Side Note: Admit it or not, the Marcoses are pro-Filipino. That’s a fact. Meanwhile, the Yellow Oligarchs are far from being pro-Filipino. Why did former president Noynoy Aquino sided with the US when it comes to the territorial dispute of the West Philippine Sea? That’s red flag, you know!

President Rodrigo Duterte being friendly towards China is the only way we could no longer argue about the territories in the West Philippine Sea–and in fact, Pres. Duterte insisted on a foreign policy that is completely INDEPENDENT and SELF-RELIANT. His lambasting of the United States may place us into danger, but because multi-millionaire businessman Donald Trump won as president-elect of the United States, of course we cannot ensure smooth ties with the States, but because of Trump’s background in business management, I believe that things will work out just fine, given that Trump is bigoted when it comes to “outsiders.”

The elitists are pro-West, that’s a fact. They even lambasted DFA Secretary Perfecto “Jun” Yasay for calling the West Philippine Sea as “South China Sea.”

FYI, Sec. Yasay is all-business, no-nonsense. The elitists may believe that he is a “puppet of China” alongside President Duterte, yet here, they’re only insisting on an independent foreign policy that will soon help the Philippines grow and develop more diplomatic ties with other countries. Duterte’s warming up with Russia is a good example–in fact, strengthening ties with Russia is a good one. I like Russia, you know–and you may disagree with me on this: I like Putin.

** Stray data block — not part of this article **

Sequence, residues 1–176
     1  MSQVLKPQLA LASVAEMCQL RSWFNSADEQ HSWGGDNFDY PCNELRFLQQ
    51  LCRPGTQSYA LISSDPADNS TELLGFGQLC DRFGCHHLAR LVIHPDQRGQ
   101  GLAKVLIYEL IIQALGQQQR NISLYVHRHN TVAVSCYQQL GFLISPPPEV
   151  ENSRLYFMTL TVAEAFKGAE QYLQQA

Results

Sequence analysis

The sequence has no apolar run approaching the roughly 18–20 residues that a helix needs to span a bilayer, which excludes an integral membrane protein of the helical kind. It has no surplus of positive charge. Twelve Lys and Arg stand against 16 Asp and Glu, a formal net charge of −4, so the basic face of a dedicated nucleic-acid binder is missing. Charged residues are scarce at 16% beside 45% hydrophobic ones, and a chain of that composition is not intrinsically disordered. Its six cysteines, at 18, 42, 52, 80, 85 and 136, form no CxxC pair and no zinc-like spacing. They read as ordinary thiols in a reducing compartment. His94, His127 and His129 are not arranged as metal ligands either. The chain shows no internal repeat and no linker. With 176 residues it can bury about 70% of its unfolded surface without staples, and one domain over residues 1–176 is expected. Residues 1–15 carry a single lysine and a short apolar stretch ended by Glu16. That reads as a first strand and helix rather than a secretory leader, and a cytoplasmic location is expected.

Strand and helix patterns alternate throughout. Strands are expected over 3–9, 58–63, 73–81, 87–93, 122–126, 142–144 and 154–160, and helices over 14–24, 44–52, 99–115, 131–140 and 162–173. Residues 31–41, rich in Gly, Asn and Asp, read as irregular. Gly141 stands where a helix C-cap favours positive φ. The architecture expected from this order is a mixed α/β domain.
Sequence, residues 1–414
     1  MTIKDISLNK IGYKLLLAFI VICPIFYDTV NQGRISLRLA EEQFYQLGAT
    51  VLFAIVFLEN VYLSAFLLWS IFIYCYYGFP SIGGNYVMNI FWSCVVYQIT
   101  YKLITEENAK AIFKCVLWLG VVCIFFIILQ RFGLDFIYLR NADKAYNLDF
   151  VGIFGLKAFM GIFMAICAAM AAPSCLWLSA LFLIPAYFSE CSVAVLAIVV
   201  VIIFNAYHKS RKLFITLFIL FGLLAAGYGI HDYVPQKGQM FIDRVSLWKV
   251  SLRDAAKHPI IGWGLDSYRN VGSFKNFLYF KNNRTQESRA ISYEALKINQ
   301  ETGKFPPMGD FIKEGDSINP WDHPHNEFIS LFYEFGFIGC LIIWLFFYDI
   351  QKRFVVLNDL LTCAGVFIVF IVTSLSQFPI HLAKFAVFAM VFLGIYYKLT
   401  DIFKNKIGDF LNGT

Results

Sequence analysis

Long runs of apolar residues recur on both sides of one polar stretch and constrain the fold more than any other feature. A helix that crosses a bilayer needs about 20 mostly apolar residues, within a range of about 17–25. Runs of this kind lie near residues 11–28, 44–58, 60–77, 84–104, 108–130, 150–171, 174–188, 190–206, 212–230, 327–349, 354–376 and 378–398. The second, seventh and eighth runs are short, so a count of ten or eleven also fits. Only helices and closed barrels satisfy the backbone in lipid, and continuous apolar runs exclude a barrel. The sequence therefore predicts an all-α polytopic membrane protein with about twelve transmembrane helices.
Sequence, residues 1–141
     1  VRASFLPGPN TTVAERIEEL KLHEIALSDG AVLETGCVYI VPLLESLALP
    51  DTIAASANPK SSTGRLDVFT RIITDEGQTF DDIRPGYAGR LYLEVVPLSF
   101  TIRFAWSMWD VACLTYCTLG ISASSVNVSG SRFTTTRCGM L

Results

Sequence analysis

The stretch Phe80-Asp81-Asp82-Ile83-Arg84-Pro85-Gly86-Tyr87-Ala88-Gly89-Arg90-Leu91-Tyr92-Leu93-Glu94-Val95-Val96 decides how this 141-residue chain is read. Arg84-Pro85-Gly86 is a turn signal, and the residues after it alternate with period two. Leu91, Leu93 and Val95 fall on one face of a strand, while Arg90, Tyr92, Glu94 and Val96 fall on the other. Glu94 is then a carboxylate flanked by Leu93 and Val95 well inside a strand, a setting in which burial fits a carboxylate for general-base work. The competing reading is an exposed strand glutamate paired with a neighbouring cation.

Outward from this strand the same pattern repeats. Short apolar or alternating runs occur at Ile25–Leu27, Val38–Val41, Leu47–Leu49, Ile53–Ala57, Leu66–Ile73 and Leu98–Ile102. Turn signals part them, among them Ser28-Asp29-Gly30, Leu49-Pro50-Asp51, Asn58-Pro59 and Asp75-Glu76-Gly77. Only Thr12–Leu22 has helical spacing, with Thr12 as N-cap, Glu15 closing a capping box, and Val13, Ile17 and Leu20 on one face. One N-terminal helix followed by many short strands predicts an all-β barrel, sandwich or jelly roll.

President Vladimir Putin of Russia may be tough on the outside, but he’s a good man on the inside. He’s pretty much the best example of a person who is tough on the exterior, but as per the Mother Dragoness, “The evil in me protects the good of me.”

To be honest, the Russians love Putin more than they love Medvedev. I have nothing against Medvedev, but if you have a leader like Putin, you feel complacent. He is the protector of Mother Russia.

The elitists are only after LIBERALISM. Well, sorry guys, but liberal elitism is OVERRATED. Not only it is overrated, it is also sickening. Liberal elites could become abusive as they wish, they even do everything that will provoke others. Look at what has happened to Europe, they practice liberalism, open-mindedness, and tolerance–without even realizing that they’re oppressing Muslim immigrants by strongly banning the hijab.

This is bullsh*t. Well, what do you expect, some Europeans even IMPOSE their beliefs towards religious people, as if religion is OPPRESSIVE and INFLEXIBLE.